30 October ~ Today's We-Hate-Bates-More-Than-You contest at Elland Road is quite a prospect. Leeds United, famously fallen poster boys of an era when football nearly ate itself, against a Cardiff City desperate, although latterly less garishly so, to validate themselves by getting into the Premier League. Nine years ago third-tier Cardiff dumped top-of-the-Premier League Leeds out of the FA Cup at an exultant Ninian Park. Since then everything, apart from the names of the clubs, has changed.
With City boasting a ten-game unbeaten streak against Leeds, the game is vital to each club’s consolidation of a top-ten place. Leeds have done well after a slow start, and there have been 19 goals in City’s last three league games. But few will travel from South Wales, given a Sky-inspired lunchtime kick-off and rip-off £36 tickets doled out at the motorway services by the same abusive police who forced many visitors to miss the start of City’s stellar 4-0 win here last season. Many fans have simply had enough of being treated so shoddily.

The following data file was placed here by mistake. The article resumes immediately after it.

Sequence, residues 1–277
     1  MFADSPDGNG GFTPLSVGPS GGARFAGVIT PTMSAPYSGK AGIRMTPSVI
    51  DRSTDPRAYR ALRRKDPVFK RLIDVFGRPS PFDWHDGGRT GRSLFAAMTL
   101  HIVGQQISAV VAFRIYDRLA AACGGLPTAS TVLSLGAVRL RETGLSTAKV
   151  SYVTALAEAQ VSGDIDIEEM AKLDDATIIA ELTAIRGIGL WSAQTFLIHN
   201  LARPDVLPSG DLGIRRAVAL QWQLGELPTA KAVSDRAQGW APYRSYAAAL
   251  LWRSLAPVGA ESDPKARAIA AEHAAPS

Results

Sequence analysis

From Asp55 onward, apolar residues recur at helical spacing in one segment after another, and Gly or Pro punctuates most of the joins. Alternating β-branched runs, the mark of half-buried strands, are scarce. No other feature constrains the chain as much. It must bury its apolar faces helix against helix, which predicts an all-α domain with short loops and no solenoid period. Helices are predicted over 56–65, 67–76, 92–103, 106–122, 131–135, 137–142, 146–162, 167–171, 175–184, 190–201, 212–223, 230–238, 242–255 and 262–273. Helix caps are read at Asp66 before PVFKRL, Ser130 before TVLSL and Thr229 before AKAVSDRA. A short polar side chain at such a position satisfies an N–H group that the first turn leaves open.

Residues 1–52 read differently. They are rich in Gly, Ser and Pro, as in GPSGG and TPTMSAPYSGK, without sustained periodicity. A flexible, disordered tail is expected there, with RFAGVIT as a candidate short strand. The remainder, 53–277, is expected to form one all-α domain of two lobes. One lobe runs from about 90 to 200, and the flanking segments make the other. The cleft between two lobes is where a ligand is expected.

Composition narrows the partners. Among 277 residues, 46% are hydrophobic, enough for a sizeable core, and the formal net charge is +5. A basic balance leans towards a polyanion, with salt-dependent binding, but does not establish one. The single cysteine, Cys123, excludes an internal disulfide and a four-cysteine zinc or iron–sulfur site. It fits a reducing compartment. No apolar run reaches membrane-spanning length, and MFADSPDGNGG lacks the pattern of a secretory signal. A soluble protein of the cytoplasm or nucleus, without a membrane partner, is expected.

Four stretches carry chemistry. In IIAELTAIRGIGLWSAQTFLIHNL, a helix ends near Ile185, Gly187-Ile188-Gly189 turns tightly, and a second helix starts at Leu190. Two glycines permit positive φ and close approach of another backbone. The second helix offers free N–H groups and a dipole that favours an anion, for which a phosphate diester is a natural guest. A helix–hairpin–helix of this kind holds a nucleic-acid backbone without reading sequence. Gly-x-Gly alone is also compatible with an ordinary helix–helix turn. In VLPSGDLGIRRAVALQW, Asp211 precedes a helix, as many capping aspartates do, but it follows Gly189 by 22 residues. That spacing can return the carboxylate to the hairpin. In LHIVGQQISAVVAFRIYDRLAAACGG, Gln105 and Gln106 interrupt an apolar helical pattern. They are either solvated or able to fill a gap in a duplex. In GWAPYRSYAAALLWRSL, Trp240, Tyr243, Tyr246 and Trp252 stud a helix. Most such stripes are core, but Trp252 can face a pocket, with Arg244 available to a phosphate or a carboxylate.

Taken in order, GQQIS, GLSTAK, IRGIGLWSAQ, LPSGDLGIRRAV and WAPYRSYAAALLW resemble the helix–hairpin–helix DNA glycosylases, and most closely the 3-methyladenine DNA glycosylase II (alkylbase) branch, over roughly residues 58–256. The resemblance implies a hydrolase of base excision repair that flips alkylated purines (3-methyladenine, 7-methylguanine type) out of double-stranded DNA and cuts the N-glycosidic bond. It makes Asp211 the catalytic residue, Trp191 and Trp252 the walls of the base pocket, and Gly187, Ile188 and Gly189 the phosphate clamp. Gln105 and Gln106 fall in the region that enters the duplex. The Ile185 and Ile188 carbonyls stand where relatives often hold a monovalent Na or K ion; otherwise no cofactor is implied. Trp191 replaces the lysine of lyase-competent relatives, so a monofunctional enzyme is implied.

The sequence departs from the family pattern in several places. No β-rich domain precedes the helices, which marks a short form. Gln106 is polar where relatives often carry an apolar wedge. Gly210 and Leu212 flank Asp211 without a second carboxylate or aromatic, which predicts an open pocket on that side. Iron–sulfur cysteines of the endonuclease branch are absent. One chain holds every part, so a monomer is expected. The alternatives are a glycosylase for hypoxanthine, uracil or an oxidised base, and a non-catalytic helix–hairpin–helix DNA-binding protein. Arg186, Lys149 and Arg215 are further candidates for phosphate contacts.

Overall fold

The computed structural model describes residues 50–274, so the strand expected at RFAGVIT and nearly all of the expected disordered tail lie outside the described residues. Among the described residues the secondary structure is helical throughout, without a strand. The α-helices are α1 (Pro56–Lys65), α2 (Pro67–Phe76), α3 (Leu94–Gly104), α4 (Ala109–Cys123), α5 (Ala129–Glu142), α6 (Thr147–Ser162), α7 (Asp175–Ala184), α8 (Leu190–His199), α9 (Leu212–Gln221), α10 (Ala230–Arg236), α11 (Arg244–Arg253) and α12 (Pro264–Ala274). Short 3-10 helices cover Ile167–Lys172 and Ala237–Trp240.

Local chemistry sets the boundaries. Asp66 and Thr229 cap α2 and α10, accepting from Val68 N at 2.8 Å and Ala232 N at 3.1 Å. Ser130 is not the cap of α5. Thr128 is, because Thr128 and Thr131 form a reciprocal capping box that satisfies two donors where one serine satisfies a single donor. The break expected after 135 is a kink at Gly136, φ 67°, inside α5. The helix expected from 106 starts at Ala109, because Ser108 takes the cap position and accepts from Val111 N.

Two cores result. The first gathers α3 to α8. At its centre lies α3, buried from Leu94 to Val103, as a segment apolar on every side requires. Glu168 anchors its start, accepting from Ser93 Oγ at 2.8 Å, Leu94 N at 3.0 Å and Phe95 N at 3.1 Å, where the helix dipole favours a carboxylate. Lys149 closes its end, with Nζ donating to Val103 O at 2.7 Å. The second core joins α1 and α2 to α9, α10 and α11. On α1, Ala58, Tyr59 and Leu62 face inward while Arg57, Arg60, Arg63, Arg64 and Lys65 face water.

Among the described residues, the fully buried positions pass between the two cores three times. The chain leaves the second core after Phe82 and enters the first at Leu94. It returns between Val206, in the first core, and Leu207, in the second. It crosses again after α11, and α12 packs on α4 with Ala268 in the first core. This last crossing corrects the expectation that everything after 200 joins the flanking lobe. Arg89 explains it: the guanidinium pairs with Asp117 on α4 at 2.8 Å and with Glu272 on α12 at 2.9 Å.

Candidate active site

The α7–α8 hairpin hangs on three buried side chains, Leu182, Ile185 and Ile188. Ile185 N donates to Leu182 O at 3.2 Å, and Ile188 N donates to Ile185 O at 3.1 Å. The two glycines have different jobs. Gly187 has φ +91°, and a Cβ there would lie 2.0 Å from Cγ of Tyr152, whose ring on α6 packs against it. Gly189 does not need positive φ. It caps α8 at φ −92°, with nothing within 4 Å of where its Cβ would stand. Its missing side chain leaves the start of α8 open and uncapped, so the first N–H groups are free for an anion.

On the field a decent contest awaits. There are doubts about the depth of the Leeds squad, but for now Simon Grayson has them on track. Their midweek defeat at Birmingham City ended a seven-game unbeaten run where goals had been plentiful, principally from former Cardiff man Ross McCormack who is pushing double figures in the league already.
This season’s Bluebirds, League Cup quarter-finalists for the first time in nearly half a century, are less flashy than last term’s loan-laden outfit, but that is broadly a relief. The current edition threatens fewer goals up front, with Kenny Miller and Robert Earnshaw looking ill suited each to the other’s game, but optimism is founded upon the preternatural workrate of Don Cowie, guilefully supported by Peter Whittingham and Aron Gunnarsson.
The two highly promising Joes in midfield, Mason and Rails, have scored excellent goals and are pushing for a start. Silver-haired deity Kevin McNaughton continues his astonishing consistency at right-back but questions surround the best centre-half partnership alongside him despite (or maybe due to) a multitude of options.
This will be as fiercely contested an engagement of the old rivalry as ever. Whatever you think of these two opinion-dividing clubs, it won’t be dull. Mark Ainsbury